Last Thursday was my absolute last class with my graduating third graders at the JHS. Most of the third graders had to go to the high school for something, but the kids that stayed behind I think were the ones who are either not going to high school or going really far away. There were only about fifteen students in the class, and we played review games. It was a lot more fun than regular class because the students were actually having FUN. No one rolled their eyes or fell asleep during that class. They even got super competitive about winning, so everyone WANTED to do their best at the English games. I wish that class could be more like that more often instead of memorization, translating, quiz, memorization, translating, quiz. I think back to whenever I was learning Spanish and German, and my gosh! Had I learned those languages the way the students are learning English, I probably would have given up on day two.
I ate lunch with those students that day. Since most of the class was gone, everyone just brought their own lunch. Without the homeroom teachers there, the atmosphere seemed much more relaxed, and we goofed off a little more than we would have had there been an actual teacher there…..
The winning team in class earlier in the day was instructed to come and see me during break time to get a prize…..only my English teacher didn’t tell me this. When I got back to the teacher’s room after lunch, I saw them huddled by the door, and we had this awkward stare-off, but nothing was said. When I sat down at my desk, they approached me and mumbled something in Japanese. I couldn’t understand them, and being the polite Japanese that they are, they wouldn’t come out and ASK for what they wanted. Finally one girl said “prize,” but another girl swatted her as if to say how dare you ASK for something. Anyway, it FINALLY dawned on me what they wanted. Since they were graduating and I like them, I gave them the best stuff I had. I have random American trinkets that I keep in a desk drawer for such occasions. There were red, white, and blue leis, patriotic post-its and pencils, and other American things. Once they were done selecting, one of the best English speaking girls told me that she was going to California to visit family in two weeks and asked if I could recommend some places to visit. I’ve never been to California, but I wrote down a few things. After they left, I googled the heck out of places to visit in California and made a much better list for her, organizing it by what to see in each city. I even color-coded it and everything. I found her later in the afternoon and gave it to her, and she was so excited about it!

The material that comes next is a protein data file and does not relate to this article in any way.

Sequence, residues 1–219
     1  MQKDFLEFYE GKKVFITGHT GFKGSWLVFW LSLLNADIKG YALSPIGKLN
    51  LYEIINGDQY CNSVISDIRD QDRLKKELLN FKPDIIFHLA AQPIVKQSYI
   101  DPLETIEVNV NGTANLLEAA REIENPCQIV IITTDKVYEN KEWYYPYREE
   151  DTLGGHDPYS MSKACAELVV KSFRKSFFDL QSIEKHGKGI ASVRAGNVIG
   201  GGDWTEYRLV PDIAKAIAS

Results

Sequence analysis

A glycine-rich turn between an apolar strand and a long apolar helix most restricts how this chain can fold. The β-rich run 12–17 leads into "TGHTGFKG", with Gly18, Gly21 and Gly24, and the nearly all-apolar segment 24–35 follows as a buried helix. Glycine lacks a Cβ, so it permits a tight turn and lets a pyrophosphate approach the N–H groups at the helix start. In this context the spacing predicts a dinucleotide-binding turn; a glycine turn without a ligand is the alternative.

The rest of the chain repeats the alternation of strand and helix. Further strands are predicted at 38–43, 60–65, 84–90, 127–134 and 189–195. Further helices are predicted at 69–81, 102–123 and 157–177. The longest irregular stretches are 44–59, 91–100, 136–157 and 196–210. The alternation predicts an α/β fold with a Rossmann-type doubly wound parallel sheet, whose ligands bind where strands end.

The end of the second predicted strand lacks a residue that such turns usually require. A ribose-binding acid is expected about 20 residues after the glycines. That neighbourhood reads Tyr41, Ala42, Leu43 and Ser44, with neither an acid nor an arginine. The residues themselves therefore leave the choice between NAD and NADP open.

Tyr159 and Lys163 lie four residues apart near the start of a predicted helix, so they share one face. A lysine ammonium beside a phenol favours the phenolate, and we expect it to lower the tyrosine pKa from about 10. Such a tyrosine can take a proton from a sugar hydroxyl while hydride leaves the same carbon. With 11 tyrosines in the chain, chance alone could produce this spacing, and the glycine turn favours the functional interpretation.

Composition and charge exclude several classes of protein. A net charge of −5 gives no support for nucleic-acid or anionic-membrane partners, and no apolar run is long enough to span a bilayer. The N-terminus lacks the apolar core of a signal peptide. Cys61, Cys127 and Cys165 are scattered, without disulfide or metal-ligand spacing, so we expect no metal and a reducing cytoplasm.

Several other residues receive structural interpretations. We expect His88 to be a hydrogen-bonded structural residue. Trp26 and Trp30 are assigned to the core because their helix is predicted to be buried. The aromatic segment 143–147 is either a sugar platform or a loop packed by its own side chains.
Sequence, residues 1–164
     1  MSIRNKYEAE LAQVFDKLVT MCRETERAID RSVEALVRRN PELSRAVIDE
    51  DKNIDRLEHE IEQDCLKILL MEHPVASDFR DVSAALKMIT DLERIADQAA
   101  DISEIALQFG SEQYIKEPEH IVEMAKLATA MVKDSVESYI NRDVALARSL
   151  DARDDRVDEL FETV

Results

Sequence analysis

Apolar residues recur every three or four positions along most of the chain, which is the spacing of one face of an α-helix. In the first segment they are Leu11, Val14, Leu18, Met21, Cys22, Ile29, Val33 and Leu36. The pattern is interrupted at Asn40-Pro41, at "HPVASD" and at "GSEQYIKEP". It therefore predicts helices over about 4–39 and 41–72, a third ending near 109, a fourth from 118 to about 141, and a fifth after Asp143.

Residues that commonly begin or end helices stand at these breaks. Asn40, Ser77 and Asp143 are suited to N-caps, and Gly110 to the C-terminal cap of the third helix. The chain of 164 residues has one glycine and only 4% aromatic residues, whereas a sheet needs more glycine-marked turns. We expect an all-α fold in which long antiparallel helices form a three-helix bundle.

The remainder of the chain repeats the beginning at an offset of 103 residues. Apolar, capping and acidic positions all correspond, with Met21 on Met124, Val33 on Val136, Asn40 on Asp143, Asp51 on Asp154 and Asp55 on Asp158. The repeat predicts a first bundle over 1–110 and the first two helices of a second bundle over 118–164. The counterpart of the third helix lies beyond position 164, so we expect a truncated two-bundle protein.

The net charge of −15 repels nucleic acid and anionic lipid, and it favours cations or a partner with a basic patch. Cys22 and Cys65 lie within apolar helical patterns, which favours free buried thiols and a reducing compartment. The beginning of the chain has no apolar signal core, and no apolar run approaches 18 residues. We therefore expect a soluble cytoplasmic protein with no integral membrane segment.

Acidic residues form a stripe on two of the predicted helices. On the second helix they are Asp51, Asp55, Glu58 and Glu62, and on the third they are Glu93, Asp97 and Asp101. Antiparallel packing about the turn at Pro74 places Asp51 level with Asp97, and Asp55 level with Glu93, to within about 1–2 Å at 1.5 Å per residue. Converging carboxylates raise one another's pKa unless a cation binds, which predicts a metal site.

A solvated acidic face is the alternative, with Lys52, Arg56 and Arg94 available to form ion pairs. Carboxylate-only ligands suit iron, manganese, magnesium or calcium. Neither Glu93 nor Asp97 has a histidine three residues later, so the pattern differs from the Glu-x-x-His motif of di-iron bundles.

Thursday night was our night class. I’m happy to announce that I’m exactly one class away from not having it for almost a whole month! Woo-hoo! That’s right. After tonight’s class, I won’t have my class again until April 19th, and I’ll have all new students then. My current fifth graders will become my sixth graders and will be in the class. My fifth graders are turds, but I get along with them so much better than my sixth graders. Anyway, last Thursday we played gestures and Pictionary with professions (ie, doctor, nurse, teacher, etc.) Gestures went well, but apparently during Pictionary, ALL of the boys were making very inappropriate drawings on the board. Ian noticed it, but I didn’t and told me after class “I thought they were pretty clever to get penises in all of their drawings.” I said, “WHAT???” He then explained to me that in each picture the guys did there was a penis. Imagine my dismay. He said, “Melissa, we were all laughing. What did you think we were laughing at?” I said, “I thought the lesson was working out and everyone was just having a good time!” EPIC FAIL. This is what happens when you trust a twelve-year-old boy.
This is a shorter blog, but I think that I’ll end here.